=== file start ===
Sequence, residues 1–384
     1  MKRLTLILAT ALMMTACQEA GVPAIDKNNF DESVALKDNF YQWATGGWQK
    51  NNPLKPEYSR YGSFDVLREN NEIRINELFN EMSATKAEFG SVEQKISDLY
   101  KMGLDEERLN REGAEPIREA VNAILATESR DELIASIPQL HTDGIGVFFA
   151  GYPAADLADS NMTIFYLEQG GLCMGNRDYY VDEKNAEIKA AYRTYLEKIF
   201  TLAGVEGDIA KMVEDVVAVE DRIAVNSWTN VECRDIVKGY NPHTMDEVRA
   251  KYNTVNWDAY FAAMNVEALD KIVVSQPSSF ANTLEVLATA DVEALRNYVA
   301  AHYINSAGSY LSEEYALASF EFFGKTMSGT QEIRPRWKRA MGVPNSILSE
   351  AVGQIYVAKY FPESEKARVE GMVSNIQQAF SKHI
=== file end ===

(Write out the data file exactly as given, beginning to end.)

Sequence, residues 1–384
     1  MKRLTLILAT ALMMTACQEA GVPAIDKNNF DESVALKDNF YQWATGGWQK
    51  NNPLKPEYSR YGSFDVLREN NEIRINELFN EMSATKAEFG SVEQKISDLY
   101  KMGLDEERLN REGAEPIREA VNAILATESR DELIASIPQL HTDGIGVFFA
   151  GYPAADLADS NMTIFYLEQG GLCMGNRDYY VDEKNAEIKA AYRTYLEKIF
   201  TLAGVEGDIA KMVEDVVAVE DRIAVNSWTN VECRDIVKGY NPHTMDEVRA
   251  KYNTVNWDAY FAAMNVEALD KIVVSQPSSF ANTLEVLATA DVEALRNYVA
   301  AHYINSAGSY LSEEYALASF EFFGKTMSGT QEIRPRWKRA MGVPNSILSE
   351  AVGQIYVAKY FPESEKARVE GMVSNIQQAF SKHI